After escaping from the mud and sand, we adjust our plans and find an alternative route, driving towards Jargalant Khairkhan. It’s visible and very close, yet still twenty or more kilometers of unknown terrain lie ahead. Our only guide is the small traces on the satellite pictures. Kilometer by kilometer, we pass the road along Khar-Us Lake, then turn right along a stream. Segments of sand and heavy rock terrain suggest that 4WD with high clearance is essential here for all but the locals. Surprisingly, they often manage to come here with a Prius. After maybe ten or more kilometers, we try a car track to the left. Success! The time spent investigating satellite photos pays off. The tracks lead towards the mountain base. We pass one yurt, then another, and finally stop in front of a steeper slope. Obviously, we need to walk the rest. Almost ten kilometers to the summit await us, but it’s much closer than we expected.
We pitch our tent and start preparing for dinner. As we do, we see a motorbike with a man and a woman approaching. They are a nice, friendly couple from the nearest yurt. They speak Mongolian, and we speak English. Thankfully, some letters and hand signs are common in both languages, so we manage to keep the discussion going. We understand from them that the nearby large lake isn’t deep, making swimming impossible. We also discover they have five kids, so we gift them five packs of chocolate sweets. We attempt to clarify the route to the summit, but our shared vocabulary falls short. Regardless, the encounter proves to be warm and welcoming.
As standard, we wake up early in the morning, maybe half an hour before sunrise. After a quick breakfast, we’re on our way towards the summit. We are aware that the day ahead will be lengthy, yet our motivation is strong. Our journey begins with an ascent up the ridge right above our campsite, lasting about an hour. However, as we progress, it becomes apparent that the ridge route is more extensive than we initially thought. This realization prompts us to consider alternative plans. At the P50 bump, a crucial point, we pause to reassess our strategy and ultimately choose to descend several hundred meters back into the valley. Then we follow the stream up to the end of the valley. I think it was a good decision, because walking along the ridge with all its descents and reascents certainly would have added extra hours to our already long day.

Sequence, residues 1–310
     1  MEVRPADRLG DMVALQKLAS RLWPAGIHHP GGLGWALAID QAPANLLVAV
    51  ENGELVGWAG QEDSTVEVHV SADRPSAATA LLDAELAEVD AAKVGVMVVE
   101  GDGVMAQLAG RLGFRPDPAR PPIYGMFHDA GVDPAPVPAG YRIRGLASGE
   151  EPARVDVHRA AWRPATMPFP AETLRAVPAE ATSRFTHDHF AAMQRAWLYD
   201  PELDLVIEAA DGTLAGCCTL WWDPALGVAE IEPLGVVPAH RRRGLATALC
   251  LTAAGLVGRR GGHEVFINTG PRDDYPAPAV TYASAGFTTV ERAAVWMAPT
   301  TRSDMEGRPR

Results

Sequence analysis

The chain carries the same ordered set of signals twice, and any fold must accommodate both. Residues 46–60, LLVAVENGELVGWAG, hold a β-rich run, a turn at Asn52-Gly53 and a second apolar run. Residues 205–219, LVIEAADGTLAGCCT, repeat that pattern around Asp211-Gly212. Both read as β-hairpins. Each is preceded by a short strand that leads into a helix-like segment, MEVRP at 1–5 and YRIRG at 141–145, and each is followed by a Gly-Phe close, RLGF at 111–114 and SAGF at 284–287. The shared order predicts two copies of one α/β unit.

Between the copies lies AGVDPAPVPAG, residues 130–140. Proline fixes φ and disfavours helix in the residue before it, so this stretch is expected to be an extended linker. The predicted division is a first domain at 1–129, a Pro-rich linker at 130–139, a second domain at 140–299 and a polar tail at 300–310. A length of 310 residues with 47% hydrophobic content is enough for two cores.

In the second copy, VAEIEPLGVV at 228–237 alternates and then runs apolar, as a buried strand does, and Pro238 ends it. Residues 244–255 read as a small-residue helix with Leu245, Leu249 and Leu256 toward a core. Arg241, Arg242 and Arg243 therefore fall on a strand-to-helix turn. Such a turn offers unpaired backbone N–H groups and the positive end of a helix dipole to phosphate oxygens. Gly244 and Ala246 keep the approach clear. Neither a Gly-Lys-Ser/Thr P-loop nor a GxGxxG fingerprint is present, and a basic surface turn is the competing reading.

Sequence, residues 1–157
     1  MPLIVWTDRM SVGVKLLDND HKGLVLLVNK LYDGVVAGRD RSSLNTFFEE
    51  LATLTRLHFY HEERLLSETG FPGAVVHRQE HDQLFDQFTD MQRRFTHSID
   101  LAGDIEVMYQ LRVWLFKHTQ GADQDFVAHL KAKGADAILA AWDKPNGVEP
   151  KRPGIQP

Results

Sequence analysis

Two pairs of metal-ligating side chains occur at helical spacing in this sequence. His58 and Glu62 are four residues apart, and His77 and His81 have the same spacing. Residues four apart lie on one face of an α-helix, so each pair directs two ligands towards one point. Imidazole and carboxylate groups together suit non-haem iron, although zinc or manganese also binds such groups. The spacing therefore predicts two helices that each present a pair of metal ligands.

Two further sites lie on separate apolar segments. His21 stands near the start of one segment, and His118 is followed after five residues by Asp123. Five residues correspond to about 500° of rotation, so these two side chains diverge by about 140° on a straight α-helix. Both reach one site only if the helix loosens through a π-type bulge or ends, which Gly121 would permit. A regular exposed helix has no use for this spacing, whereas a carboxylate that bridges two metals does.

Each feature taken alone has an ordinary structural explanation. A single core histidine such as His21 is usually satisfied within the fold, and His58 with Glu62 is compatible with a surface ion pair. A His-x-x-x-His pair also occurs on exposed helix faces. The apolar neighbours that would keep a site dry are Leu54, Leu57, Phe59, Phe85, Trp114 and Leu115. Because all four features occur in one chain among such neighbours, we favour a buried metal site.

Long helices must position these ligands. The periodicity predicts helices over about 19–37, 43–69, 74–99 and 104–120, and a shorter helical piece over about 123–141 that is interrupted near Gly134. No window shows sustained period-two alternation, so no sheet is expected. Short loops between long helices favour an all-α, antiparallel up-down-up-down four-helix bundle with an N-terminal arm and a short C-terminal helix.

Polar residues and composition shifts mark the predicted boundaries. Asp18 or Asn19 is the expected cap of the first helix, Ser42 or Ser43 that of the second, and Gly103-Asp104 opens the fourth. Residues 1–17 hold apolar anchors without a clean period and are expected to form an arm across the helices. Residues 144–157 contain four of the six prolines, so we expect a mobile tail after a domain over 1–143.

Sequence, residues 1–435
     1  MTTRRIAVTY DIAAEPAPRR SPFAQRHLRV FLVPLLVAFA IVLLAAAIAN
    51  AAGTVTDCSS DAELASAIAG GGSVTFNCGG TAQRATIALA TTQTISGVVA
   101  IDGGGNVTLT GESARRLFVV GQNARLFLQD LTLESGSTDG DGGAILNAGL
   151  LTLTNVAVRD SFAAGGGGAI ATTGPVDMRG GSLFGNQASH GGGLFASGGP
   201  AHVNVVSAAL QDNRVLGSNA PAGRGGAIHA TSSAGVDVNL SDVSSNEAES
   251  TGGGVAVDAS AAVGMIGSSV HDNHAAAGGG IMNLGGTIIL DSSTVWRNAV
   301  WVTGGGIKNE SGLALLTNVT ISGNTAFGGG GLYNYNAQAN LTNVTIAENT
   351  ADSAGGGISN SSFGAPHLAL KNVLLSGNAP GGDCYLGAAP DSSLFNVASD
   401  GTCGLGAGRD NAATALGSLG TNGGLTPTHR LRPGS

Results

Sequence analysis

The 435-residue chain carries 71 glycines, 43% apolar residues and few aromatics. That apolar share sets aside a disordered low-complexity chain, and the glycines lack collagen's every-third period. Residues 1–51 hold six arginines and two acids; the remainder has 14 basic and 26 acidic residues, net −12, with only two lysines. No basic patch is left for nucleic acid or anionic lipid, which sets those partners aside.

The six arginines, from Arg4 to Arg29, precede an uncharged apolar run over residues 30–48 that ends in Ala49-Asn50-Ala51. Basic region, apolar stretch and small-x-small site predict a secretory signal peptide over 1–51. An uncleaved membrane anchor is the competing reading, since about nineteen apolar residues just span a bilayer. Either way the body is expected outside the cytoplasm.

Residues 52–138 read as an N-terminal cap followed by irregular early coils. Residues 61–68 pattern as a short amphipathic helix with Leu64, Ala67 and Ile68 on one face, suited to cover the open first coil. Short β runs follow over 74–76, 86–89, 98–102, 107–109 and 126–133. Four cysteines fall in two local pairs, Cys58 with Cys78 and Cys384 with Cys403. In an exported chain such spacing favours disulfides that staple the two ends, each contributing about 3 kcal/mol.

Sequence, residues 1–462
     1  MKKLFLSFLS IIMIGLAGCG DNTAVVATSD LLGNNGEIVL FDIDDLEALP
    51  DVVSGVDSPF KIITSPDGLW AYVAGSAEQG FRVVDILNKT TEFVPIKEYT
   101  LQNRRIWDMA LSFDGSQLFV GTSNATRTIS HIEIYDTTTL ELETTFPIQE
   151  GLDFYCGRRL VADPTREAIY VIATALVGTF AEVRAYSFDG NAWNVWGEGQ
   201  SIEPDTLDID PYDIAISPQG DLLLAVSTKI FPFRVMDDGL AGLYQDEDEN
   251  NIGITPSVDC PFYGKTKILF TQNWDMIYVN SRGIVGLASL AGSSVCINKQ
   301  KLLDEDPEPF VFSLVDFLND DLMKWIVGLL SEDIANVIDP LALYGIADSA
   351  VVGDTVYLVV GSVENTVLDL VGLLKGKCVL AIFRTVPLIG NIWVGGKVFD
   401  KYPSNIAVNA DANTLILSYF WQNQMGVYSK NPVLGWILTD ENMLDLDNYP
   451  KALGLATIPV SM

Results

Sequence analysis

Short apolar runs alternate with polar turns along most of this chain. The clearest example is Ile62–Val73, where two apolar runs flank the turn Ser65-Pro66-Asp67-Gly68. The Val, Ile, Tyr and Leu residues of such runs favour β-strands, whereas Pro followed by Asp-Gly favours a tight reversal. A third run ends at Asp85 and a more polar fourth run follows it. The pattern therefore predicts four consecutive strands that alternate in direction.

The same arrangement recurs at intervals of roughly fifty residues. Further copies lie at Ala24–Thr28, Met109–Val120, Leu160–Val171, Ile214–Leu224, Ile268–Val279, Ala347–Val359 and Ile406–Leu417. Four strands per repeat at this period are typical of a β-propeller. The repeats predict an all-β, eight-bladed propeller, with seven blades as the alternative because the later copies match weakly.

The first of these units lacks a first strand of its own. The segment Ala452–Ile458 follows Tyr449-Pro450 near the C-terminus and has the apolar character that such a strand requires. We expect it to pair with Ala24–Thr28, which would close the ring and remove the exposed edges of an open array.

Every next hour, the summit looks closer but never close enough to step on it. We keep walking on quite easy terrain; from time to time, we find shepherds’ trails, which help. At the end of the valley, we cross a small waterfall and climb a steeper slope. Then we’re back on the ridge, this time very close to the summit, maybe less than an hour away. There are a few patches of snow, but really nothing to worry about.
Standing on the snow-free summit, marked by a cairn, we are rewarded with breathtaking panoramic views. The sky clears, enhancing the vast, rugged beauty of the landscape around us. We take a brief, well-deserved break to soak in the achievement and the serene beauty around us, before preparing for the equally demanding descent, carrying with us the memories of reaching this remote peak.
This is our 7th ultra peak in Mongolia, and the trip is already exceeding our expectations. We’re more than thousand kilometers away from Ulaanbaatar, but we still have a few more days left before our flight home. So, we’re heading towards another ultra peak, Otgon Tenger Uul, anticipating more adventure and breathtaking views in this remarkable journey.